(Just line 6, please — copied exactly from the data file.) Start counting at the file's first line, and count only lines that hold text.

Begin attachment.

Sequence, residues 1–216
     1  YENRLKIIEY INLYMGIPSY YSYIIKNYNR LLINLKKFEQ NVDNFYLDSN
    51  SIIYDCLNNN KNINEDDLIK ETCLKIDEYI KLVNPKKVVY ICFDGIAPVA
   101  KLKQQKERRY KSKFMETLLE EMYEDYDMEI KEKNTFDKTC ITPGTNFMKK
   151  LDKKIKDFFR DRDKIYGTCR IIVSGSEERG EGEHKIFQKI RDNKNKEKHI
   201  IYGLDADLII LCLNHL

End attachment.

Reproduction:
   201  IYGLDADLII LCLNHL